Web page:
I had high hopes for All Points Bulletin, and one of my most memorable shared gaming experience of the year — hunting criminals with good internet friend HarbingerZero — comes from this game. But it was seriously flawed and disposed toward unbalanced fights; only time will tell if the game’s relaunch will solve these problems.

I now own both Global Agenda and Guild Wars — and yet I’ve not played either since purchasing them. EVE Online drug me in during the winter, as it is wont to do, but I already feel my attraction to it diminishing.

Looking back on this year, though, it isn’t the actual gaming that is most memorable. And I’m really glad that I got to flex my creative muscles and write some fiction, but it isn’t that, either.

What I’m really glad for, are the number of friendly writers and readers that have time-and-again commented on my posts, and in-turn wrote fantastically funny and interesting posts themselves. Thank you all for your support, and your awesome creativity. Congratulations are particularly in order for GeeCee, who also just wrapped up a year of (much higher quality) MMO blogging.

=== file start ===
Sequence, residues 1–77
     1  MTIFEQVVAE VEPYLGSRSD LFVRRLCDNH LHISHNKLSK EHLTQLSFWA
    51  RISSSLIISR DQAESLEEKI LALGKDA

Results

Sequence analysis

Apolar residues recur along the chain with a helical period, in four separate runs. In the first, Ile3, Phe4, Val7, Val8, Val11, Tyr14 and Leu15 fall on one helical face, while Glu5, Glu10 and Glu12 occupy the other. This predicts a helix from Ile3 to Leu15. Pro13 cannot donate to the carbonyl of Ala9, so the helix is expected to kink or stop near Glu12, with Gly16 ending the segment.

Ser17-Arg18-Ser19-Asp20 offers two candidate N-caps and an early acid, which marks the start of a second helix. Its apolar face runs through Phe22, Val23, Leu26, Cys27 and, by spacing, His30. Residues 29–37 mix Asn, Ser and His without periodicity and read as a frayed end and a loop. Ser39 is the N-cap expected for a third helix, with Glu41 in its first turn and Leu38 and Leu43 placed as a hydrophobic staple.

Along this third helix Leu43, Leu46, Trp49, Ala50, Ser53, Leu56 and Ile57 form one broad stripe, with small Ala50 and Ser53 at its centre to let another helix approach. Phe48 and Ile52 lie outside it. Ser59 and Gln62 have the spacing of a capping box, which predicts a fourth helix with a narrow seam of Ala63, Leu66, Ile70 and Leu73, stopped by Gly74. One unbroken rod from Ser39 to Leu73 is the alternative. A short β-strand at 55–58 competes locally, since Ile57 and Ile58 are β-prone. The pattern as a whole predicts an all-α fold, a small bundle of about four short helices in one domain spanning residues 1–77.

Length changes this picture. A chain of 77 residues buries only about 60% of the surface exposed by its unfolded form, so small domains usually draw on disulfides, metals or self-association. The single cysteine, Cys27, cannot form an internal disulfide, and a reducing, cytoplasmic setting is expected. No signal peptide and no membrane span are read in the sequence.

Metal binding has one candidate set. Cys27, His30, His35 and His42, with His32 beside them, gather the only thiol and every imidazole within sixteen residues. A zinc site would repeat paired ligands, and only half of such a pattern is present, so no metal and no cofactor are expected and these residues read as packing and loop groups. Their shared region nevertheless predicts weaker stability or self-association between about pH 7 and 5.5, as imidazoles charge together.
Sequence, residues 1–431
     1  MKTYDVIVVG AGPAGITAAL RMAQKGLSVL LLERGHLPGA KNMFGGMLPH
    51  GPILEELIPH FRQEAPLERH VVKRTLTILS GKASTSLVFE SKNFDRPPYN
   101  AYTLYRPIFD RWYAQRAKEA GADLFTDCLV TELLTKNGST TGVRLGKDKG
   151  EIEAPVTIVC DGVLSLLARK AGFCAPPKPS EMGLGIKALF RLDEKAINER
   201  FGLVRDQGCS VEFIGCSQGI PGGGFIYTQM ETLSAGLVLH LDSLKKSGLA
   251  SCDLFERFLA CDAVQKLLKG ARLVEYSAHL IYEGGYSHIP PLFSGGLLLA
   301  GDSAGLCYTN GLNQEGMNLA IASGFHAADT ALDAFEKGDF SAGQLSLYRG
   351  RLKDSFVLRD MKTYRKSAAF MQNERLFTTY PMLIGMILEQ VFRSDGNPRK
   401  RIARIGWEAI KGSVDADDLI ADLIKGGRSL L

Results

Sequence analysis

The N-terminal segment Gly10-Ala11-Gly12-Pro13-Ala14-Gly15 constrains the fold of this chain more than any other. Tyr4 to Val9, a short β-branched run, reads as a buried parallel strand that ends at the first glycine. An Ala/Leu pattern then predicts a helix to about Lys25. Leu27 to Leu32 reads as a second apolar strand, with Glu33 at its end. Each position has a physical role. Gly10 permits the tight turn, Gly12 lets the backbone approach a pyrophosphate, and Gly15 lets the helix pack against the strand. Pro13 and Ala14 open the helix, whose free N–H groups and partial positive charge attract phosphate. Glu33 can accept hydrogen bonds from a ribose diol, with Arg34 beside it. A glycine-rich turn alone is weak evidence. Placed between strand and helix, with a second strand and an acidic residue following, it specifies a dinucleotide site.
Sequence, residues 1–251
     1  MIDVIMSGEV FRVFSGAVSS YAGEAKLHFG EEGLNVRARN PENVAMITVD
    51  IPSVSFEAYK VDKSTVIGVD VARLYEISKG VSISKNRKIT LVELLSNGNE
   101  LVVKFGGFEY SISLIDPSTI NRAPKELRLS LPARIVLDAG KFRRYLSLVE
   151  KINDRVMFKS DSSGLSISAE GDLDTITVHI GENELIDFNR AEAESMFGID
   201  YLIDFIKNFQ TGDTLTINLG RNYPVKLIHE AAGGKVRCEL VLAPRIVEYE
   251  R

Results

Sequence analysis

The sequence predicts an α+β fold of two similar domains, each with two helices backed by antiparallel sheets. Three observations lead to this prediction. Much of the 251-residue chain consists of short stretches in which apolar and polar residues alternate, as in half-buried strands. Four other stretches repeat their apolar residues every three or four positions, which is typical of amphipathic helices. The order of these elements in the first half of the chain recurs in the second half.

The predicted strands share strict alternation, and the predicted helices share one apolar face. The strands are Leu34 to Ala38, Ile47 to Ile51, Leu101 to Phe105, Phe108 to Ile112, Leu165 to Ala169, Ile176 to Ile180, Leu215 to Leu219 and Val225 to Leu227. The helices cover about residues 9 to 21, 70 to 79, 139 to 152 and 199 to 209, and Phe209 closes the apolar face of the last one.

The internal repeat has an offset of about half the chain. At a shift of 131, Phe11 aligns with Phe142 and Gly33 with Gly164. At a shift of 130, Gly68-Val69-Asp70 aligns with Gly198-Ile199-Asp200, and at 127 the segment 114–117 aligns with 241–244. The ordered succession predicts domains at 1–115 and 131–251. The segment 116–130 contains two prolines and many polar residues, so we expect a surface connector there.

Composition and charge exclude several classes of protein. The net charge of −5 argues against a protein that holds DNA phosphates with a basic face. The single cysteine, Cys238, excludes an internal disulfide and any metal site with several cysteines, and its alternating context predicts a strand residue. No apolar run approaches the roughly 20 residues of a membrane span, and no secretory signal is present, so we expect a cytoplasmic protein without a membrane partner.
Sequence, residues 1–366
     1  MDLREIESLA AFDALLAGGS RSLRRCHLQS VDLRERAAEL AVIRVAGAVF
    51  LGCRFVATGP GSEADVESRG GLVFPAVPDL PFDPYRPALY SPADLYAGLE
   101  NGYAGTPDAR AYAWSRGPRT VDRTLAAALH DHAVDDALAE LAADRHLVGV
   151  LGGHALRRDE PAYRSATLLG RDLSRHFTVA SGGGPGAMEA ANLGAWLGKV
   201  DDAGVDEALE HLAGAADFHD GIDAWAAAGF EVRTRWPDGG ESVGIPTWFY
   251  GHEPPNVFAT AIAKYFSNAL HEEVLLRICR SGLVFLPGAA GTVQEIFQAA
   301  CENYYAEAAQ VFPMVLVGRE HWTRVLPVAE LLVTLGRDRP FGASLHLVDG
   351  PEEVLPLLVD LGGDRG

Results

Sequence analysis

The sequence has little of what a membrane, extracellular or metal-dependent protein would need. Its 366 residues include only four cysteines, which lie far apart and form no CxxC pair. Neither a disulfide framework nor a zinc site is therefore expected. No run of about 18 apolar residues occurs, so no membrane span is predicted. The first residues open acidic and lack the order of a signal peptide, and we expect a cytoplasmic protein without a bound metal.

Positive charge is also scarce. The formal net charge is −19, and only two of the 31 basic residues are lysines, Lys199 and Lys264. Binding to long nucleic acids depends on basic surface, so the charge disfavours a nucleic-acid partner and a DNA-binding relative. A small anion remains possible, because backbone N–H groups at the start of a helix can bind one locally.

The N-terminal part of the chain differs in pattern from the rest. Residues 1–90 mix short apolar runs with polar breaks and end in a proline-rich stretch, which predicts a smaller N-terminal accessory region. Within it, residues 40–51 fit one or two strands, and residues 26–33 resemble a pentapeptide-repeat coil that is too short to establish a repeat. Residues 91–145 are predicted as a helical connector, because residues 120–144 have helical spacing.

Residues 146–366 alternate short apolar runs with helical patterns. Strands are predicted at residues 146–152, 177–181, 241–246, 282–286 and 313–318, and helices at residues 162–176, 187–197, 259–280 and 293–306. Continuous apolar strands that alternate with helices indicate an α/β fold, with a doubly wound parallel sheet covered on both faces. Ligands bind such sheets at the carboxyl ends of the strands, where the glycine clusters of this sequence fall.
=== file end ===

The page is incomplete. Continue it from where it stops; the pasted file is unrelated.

If the spirit moves me, I’ll write again. In particular, I really want to do a long write-up on Mass Effect 2 (once I’ve finished the game). And there’s always that germ of fan enthusiasm that is just waiting to burst out into another story. But I’m not providing any promises.

Except that all y’all were amazing, and will continue to be.

15 thoughts on “Going Home

  1. It’s always sad to see a blog close its doors, but I understand when real life obligations take precedence, and you know, I get it when you just have to go where your interests take you. I’m hoping this isn’t THE end for combat archaeology, and I take heart in your last paragraph that we’ll see a few more posts here even if you don’t update regularly 🙂